When the sugar hits 87°C/190°F, start beating the egg whites in your mixer on medium low speed until foamy, while keeping a close eye on the sugar syrup. No need to stir the syrup, just let it come to a boil over medium heat (you're aiming for 110°C/230°F). Once the eggs are foamy, slowly add the 35g of sugar and beat to soft peaks on medium speed.

When your sugar mixture hits 110°C/230°F pull it off the heat, increase the speed of your mixer to medium high, and slowly pour in the syrup. You want to let the mixture trickle down the side of the bowl, so it doesn't splatter and get tossed onto the sides of the bowl. You want the sugar in your meringue, not a candy coated bowl.

Now you can relax, the hard part is over. Allow the mixer to beat the meringue for about 5-8 minutes until cool.

While waiting for your meringue to cool, combine the remaining 60g of egg whites with the sugar/almond mixture and mix until well combined. Add any food coloring you wish to use now, aim for a little darker than your goal as it will lighten considerably when the meringue is added.

Once the meringue is ready, add it to the almond/sugar mixture and quickly fold it together. You should fold until it is just barely uniform, using as few strokes as possible. It is very, very important you don't over mix as the batter will thin considerably with each stroke of the spatula. Your batter is perfect when you lift your spatula and a thick ribbon slowly cascades off, back into the bowl.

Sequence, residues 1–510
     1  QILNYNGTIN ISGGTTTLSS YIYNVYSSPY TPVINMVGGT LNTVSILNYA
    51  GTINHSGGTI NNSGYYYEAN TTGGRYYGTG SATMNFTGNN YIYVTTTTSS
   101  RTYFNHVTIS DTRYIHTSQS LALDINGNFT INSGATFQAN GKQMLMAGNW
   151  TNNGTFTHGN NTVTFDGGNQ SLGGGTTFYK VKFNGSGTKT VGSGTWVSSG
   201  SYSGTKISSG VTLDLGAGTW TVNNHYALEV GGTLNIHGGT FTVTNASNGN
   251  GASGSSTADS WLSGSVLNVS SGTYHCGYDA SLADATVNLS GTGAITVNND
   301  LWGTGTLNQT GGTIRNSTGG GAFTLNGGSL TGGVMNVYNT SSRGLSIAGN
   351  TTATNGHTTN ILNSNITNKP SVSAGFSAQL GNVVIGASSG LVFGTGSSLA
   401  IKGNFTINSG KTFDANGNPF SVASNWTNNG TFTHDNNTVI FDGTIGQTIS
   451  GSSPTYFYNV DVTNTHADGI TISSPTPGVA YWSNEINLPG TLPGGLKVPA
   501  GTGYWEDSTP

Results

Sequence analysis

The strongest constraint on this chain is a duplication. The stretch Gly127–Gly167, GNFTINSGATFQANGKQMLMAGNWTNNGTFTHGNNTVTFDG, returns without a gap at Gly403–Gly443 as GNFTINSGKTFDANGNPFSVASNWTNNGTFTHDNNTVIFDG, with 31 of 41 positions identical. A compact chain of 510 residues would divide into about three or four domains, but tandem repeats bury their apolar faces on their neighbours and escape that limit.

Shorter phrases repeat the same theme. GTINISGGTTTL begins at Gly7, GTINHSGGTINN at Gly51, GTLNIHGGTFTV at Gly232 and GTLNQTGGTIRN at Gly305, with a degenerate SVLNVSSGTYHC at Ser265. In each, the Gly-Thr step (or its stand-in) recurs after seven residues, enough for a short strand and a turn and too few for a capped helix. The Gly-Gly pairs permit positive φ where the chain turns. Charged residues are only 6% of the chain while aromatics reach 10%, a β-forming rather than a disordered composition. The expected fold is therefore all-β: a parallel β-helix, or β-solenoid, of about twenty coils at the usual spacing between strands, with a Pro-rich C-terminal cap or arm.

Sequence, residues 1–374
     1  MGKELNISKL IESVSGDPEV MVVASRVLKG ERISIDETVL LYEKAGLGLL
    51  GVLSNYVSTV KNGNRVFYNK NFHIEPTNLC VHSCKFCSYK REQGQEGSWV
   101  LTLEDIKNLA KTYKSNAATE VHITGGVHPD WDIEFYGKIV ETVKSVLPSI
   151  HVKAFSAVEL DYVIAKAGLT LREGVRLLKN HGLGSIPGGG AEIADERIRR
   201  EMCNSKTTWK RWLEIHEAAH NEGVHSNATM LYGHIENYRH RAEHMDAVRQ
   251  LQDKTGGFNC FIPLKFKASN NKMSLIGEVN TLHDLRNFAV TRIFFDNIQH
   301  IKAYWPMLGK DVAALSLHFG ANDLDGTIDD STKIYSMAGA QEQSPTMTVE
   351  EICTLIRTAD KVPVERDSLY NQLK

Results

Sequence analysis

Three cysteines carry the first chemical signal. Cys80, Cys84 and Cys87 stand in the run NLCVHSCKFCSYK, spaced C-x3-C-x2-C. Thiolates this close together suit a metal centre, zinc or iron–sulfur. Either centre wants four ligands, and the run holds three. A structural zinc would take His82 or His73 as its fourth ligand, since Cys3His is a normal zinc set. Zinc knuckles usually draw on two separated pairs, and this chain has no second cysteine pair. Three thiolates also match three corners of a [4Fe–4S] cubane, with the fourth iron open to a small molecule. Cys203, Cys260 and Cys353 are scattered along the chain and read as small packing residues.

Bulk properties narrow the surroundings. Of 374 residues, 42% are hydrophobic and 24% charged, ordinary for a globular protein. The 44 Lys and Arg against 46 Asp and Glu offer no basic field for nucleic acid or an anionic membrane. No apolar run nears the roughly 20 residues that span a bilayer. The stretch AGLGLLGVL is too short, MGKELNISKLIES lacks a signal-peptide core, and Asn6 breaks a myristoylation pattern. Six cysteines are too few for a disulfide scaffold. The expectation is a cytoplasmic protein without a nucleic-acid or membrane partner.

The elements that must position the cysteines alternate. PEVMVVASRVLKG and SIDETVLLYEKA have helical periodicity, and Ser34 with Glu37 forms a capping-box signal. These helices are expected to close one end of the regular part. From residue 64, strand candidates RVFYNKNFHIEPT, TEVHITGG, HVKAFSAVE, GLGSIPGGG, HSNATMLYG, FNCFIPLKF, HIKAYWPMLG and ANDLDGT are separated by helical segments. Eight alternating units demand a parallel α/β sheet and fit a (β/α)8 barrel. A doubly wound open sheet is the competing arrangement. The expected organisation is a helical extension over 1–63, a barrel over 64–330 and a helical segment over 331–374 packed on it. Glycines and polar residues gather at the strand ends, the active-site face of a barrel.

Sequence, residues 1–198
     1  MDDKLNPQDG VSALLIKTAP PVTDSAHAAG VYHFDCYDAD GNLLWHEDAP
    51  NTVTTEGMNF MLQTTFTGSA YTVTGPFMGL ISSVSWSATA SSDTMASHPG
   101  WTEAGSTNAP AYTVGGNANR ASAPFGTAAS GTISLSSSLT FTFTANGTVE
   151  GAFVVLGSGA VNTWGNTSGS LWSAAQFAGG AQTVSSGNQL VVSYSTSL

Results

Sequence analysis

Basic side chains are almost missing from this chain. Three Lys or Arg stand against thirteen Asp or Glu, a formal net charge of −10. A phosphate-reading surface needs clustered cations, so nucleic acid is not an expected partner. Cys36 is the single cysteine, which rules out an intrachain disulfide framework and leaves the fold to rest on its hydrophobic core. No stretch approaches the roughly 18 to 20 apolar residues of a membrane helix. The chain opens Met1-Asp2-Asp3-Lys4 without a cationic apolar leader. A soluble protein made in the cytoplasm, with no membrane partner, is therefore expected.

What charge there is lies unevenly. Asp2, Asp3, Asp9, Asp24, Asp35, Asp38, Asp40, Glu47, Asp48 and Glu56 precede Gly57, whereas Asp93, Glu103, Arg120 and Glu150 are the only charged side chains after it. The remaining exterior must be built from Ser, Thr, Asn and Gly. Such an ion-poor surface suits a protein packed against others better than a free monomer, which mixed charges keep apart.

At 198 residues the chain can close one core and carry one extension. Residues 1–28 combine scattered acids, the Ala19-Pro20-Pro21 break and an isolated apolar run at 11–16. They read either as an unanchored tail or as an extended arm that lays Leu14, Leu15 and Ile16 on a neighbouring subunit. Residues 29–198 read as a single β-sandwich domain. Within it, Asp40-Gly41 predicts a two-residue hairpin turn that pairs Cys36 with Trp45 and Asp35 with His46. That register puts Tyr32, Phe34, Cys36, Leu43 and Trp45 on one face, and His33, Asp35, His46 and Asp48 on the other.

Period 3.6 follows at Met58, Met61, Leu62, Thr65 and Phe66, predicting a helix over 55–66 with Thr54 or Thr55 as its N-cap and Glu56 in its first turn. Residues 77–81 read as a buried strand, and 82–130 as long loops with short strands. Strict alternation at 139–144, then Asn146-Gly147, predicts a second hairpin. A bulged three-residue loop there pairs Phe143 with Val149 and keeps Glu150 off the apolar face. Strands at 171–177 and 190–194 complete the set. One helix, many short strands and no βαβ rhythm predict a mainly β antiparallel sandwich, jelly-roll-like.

Now you're ready to fill your piping bag. If the mixture is just right, it will ooze from the tip slowly under its own weight. (If it oozes out quickly, something went horribly wrong and you'll need to start over.)

Pipe 3cm macarons onto your prepared baking sheets, spacing them a few centimeters apart.

Once you complete a full pan, knock it on the counter gently, to bring up any bubbles and quickly pop them with toothpick (I forgot to do that).

Allow the macarons to rest like this for 15 minutes. (They can sit longer if you want to bake one or two sheets at a time, but will develop slightly thicker shells).
Bake at 160-162°C/320-325°F for 14 minutes.

Once done, remove from the pans using the silicone baking mat and allow to cool completely (about an hour) before carefully attempting to remove them from the mat. If you're having trouble even after an hour, pop the sheet into the freezer for about 5 minutes and they should pop off easily.

Make the ganache: heat cream until bubbles form around the edge of the pan. Pour cream over the chocolate. Let sit for 2-3 minutes and then stir. Cool slightly and add the passion fruit pulp. Cover and refrigerate until thick.
Fill a piping bag with the passion fruit ganache and use to sandwich your macarons.

To store, keep the shells chilled in an air tight container. Bring the macarons to room temperature and then fill before serving.